Well, two weeks and 7 pounds after my trip to the United Steaks of America, I’ve returned home to Israel. I wanted to apologize for missing Parshas Shlach but I wasn’t able to write on the run. I also wanted to express my appreciation to all the old and new friends who approached me during my trip to comment on the parsha page. It was a tremendous chizuk for me to connect real faces and real people to the group of ‘readers’. I’d like to encourage any comments, questions or feedback via e-mail in the future.
This weeks parsha, Korach, deals with concepts that I feel are very pertinent to the challenge of staying strong in a non-Torah environment. This was obviously an issue that came up quite a bit during these past two weeks!
“Vayikach Korach (16:1)”, and Korach took. What did he take!? Rashi explains that he took himself, he separated himself from Klal Yisroel in order to challenge Moshe’s authority.
The Yerushalmi takes this even further and explains that Korach became an apikorus, denying the divine origin of the Torah and the prophecy of Moshe.
We are all familiar with people who either deny that the Torah is G-d given or who have serious doubts on the matter. The common claims are: “if I heard Hashem speak, I’d also be religious”; “if I had stood at Sinai I’d have no problems believing”.
How then can we understand a Korach who stood at Har Sinai and heard Hashem speak yet still denied?!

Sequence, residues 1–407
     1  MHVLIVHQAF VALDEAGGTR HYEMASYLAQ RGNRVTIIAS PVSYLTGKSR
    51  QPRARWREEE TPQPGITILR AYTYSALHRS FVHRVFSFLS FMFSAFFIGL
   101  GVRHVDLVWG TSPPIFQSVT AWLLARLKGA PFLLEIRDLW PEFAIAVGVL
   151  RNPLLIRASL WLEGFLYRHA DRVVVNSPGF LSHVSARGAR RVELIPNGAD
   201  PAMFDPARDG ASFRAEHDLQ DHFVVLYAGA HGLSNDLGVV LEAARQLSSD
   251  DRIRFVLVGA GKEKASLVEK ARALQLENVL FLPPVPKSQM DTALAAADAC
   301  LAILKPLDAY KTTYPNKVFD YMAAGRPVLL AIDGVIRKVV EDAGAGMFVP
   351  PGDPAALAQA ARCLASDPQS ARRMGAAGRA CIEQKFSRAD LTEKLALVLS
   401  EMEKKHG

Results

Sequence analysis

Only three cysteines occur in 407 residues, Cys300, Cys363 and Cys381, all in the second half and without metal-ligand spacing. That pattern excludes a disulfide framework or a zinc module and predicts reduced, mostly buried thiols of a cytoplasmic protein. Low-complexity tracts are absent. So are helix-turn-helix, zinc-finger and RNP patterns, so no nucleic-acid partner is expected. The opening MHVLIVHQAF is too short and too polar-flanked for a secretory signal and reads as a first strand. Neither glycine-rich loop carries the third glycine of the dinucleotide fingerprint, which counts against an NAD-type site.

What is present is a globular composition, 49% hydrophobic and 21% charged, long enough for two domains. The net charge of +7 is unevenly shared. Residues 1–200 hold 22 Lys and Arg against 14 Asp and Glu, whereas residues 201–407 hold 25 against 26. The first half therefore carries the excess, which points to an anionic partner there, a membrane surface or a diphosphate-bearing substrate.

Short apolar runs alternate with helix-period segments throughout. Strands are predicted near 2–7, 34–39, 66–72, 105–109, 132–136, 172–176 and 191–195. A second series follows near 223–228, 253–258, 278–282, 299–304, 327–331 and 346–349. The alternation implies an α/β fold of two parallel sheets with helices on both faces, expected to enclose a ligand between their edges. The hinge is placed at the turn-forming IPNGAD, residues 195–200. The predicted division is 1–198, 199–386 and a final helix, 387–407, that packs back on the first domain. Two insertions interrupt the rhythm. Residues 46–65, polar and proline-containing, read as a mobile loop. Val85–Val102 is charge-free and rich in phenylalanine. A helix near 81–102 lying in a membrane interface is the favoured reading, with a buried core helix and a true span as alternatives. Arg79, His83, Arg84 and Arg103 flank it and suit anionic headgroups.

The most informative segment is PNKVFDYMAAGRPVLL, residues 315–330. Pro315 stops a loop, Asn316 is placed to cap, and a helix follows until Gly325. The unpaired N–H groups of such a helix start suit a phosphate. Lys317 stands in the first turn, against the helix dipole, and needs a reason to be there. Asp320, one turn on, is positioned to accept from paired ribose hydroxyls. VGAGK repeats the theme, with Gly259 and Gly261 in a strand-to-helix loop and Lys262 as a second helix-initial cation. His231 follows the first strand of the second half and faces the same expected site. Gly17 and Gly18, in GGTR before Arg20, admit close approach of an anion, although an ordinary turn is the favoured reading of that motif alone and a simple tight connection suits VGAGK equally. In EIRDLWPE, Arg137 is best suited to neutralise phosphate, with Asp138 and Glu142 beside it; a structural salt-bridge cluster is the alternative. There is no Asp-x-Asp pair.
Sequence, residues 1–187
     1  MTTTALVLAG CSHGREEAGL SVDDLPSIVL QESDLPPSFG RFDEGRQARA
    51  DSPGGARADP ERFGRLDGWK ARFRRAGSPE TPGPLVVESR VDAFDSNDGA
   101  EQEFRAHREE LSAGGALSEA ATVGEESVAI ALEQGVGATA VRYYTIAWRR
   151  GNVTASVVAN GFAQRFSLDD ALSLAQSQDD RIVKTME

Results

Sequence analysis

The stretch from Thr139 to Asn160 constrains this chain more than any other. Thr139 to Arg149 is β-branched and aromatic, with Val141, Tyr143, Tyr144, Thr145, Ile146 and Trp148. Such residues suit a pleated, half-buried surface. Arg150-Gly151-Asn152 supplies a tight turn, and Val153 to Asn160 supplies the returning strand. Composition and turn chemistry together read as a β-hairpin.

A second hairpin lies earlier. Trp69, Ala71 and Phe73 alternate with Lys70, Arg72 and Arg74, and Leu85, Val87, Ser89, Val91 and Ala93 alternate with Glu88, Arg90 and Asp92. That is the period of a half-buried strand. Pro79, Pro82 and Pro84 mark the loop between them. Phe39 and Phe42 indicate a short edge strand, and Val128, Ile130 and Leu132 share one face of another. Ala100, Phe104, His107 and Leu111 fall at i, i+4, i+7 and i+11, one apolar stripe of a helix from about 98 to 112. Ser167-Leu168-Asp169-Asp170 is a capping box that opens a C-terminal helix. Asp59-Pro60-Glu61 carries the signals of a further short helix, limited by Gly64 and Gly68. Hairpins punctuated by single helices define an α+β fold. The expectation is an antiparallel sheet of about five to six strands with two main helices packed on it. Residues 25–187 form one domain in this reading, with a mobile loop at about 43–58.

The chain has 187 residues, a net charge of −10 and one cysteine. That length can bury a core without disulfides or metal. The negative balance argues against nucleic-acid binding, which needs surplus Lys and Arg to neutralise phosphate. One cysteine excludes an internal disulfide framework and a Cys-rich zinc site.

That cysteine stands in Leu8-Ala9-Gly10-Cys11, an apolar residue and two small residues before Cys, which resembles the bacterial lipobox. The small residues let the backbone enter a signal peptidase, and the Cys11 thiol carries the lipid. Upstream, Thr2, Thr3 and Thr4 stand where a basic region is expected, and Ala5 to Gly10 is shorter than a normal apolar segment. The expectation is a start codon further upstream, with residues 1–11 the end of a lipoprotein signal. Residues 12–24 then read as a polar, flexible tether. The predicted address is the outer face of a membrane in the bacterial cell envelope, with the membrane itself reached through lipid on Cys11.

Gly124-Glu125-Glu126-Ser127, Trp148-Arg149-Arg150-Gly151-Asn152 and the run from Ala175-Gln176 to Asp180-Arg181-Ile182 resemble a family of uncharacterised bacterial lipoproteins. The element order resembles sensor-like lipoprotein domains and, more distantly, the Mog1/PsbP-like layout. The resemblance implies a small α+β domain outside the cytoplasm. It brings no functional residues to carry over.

A similar question was posed to the Steipler zt”l and he gave the following answer. If one has desires to go against the Torah, then he will manage to find a way to challenge the Torah itself. No one wants to live a life that contradicts what they know is right. If they’re not willing to change their lifestyle, they’ll have to modify their life beliefs.
Korach, blinded by his quest for honor, felt he had to challenge Moshe. How can one challenge the quintessential prophet of Hashem? Simple. Declare that he’s not a prophet! At that point, even Moshe becomes fair game!
Having grown up in the modern orthodox circles of NY, having been a ‘Neveh guy’ myself and having been involved with Neveh in varying capacities for the past 14 years, I’ve witnessed the same pattern over and over. The overwhelming majority of those who aren’t observant before Israel and those who have difficulty maintaining that which they had learned while in Israel, aren’t besieged with philosophical difficulties in Judaism. That isn’t where the problem begins! The origin is that it doesn’t fit into that which they want to do. Ultimately, denial of Judaism’s validity is the only way to be able to look oneself in the mirror each morning.
There is a story of a talmid of Rav Chaim, the Brisker Ruv, who left his rebbe, went to university, studied and became a professor of philosophy. Along the way he became completely irreligious. Years later he returned to Brisk to speak to Rav Chaim. He wanted to ask Rav Chaim to explain how Judaism dealt with certain questions that he had.
Before he could begin, Rav Chaim had a question of his own. “Did you first have these questions and then become irreligious, or did you first become irreligious and then have these questions?”